Many of us have suffered the uncomfortable sensation of heartburn from time to time – that burning feeling in the chest that can last from a few minutes to several hours after eating. Many people will assume it’s acid reflux, which if only occasionally experienced, could well be.
However, if you find you get heartburn quite often, it could be a more chronic condition called gastroesophageal reflux disease (GERD) which also has heartburn as a symptom but carries more serious consequences, if not treated.
What Is The Difference Between GERD and Acid Reflux?
Knowing the difference between GERD and acid reflux is important because the occasional bout of heartburn could just be triggered by certain foods but GERD is much more serious and could cause swelling in the oesophagus together with frequent heartburns that last longer and won’t go away with over-the-counter remedies. If acid is continuously in contact with the lining of the oesophagus, it will cause bleeding, ulcers and scarring.
Acid reflux occurs when the muscle situated between your stomach and oesophagus, known as the lower oesophagal sphincter (LES), becomes weak. Its purpose is to close off the oesophagus after the food has passed to the stomach and any weakness in the muscle can increase the risk of stomach acid getting exposed to the oesophagus. Acid reflux is when the stomach acid moves backwards and burns the delicate lining of the oesophagus causing heartburn.
GERD happens when the lining of the oesophagus is extremely sensitive and starts to cause other symptoms such as feelings of regurgitation, chest pain, trouble swallowing, ulcers and dry coughs. If you find you experience heartburn more than twice a week, it would be advised to seek a medical consultation to find the root cause of the heartburn.
How Can I Deal With Acid Reflux?
There are many factors that can increase the chances of acid reflux. Pinpointing these can help to relieve symptoms and stop acid reflux altogether.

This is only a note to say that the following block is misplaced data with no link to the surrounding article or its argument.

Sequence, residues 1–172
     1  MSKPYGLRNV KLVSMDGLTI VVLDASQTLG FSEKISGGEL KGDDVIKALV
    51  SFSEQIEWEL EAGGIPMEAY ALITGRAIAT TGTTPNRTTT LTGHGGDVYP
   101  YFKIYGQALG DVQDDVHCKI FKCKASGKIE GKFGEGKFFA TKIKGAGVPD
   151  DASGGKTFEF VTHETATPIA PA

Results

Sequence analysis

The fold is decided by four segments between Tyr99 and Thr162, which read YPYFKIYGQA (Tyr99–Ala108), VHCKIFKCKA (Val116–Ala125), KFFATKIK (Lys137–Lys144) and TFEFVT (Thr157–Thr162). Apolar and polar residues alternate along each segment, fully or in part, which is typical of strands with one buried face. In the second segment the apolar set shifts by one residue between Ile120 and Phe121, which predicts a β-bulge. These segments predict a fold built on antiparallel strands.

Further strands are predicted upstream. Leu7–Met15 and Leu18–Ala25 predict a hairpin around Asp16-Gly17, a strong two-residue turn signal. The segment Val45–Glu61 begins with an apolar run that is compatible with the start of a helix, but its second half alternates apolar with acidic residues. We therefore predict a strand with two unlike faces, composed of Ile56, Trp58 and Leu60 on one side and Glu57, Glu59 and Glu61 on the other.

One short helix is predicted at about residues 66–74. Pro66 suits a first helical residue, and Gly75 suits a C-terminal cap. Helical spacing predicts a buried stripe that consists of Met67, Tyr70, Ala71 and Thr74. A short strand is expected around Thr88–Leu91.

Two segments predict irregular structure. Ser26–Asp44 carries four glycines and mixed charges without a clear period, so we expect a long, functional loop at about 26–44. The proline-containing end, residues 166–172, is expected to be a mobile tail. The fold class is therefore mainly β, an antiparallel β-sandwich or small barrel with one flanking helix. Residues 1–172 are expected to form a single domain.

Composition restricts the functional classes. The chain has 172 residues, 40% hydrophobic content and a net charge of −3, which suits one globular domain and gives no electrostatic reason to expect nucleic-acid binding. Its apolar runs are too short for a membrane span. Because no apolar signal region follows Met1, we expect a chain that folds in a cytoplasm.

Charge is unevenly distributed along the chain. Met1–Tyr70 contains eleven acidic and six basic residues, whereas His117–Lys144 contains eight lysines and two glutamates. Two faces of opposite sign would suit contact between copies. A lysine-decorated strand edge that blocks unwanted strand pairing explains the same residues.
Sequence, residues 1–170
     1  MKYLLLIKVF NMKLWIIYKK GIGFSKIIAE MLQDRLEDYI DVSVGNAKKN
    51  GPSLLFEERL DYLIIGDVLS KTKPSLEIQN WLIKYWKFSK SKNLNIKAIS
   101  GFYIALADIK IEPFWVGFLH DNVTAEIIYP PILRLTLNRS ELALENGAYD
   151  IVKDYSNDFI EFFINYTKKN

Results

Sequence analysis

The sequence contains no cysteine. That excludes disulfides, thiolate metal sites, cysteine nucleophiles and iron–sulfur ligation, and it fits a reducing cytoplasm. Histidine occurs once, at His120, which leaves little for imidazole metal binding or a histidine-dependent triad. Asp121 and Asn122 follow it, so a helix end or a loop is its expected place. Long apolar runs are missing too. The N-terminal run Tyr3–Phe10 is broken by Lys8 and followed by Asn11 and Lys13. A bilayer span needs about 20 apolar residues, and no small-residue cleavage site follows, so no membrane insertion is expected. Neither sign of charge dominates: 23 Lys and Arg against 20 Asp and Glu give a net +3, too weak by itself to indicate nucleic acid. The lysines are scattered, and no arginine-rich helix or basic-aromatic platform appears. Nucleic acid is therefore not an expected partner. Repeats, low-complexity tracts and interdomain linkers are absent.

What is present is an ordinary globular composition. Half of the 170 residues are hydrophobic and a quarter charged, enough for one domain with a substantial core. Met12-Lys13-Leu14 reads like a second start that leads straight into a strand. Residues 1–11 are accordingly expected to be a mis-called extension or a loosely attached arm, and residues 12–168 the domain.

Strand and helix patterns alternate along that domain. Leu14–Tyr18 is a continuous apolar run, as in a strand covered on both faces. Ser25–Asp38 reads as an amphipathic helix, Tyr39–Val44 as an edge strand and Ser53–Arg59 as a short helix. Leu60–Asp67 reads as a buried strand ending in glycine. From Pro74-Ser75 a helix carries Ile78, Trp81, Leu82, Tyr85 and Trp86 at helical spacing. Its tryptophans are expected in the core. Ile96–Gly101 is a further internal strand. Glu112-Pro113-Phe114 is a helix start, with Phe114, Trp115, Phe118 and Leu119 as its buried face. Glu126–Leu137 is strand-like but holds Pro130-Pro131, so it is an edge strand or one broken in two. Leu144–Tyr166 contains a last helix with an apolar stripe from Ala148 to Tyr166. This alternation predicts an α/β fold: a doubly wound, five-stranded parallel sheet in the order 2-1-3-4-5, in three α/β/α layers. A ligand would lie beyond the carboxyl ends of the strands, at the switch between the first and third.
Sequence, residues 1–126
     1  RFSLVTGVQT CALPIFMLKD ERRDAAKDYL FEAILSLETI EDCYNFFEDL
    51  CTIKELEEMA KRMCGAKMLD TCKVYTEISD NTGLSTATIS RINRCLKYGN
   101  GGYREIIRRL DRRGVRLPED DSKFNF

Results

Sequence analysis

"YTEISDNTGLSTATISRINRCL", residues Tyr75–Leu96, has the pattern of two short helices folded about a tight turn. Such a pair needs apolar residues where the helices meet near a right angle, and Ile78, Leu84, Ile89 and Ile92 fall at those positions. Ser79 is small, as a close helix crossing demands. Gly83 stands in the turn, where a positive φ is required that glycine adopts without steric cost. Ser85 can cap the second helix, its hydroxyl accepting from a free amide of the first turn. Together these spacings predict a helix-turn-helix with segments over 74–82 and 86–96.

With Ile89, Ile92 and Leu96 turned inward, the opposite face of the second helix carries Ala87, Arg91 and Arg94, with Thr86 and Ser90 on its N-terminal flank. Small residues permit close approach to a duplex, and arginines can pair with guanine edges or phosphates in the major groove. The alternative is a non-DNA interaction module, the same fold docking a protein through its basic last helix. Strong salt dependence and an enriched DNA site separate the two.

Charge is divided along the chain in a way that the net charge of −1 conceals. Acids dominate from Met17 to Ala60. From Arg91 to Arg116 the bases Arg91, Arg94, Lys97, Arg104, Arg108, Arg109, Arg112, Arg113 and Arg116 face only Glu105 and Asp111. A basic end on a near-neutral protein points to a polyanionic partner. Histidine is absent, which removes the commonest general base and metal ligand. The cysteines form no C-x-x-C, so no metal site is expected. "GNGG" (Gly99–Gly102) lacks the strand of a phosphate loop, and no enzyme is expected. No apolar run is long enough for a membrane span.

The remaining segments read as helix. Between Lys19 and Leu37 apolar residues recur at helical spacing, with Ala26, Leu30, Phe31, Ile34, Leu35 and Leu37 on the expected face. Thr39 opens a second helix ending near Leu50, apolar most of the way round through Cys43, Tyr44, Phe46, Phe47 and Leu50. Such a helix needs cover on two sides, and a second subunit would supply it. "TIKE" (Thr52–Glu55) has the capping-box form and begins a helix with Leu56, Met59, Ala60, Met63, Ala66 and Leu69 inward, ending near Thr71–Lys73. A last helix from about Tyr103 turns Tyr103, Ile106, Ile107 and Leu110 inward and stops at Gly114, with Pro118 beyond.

- Diet: Probably the most common cause is the types of food and drink we consume. Fizzy drinks, alcohol and fatty foods can all contribute to acid reflux. Also consuming big portions in one sitting or lying down after eating can allow acid to enter the oesophagus more easily.
- Smoking: Lighting up those cigarettes on a regular basis can cause the mucus membranes to get damaged and, in turn, increases acid production. It also reduces saliva production in the mouth which normally neutralises the acid.
- Weight: Having excess fat on our bodies puts a huge strain on our organs and the efficiency at which they work. Being overweight or obese puts pressure on the stomach and increases the chances of acid reflux occurring.
- Hiatal hernias: These can happen to anyone at any age. It’s when part of the stomach squeezes up into the chest through an opening in the diaphragm. No one quite knows what causes a hiatal hernia but it can be dealt with by eating smaller portions, avoiding lying down after eating and removing certain foods or drinks that make the symptoms worse.
- Yoga: Yoga is something that can be attempted by anyone and can be extremely beneficial. Some believe certain yoga poses can help to lessen the chance of acid reflux.
What Can I Do If I Have Acid Reflux Regularly?
If you have chronic acid reflux, then the chances are it has developed into GERD and it is advised to seek medical assistance. Treatment for GERD is aimed at decreasing the amount of reflux or reducing damage to the lining of the oesophagus from refluxed materials. Extreme cases will see the use of prescription medication or surgery but simple lifestyle changes can help towards lessening the discomfort.
The treatment for acid reflux can be applied to GERD with special emphasis on the types of food and drink you consume. Anything that could potentially weaken the LES muscle including chocolate, peppermint, fatty foods, coffee, and alcohol, along with acidic products that can irritate such as citrus fruits and juices, tomatoes, and pepper, should be avoided.
Experiencing the discomfort that comes with acid reflux and GERD should never be ignored so make sure you change your lifestyle or seek medical advice. Your quality of life is important and essential to your overall well-being and happiness.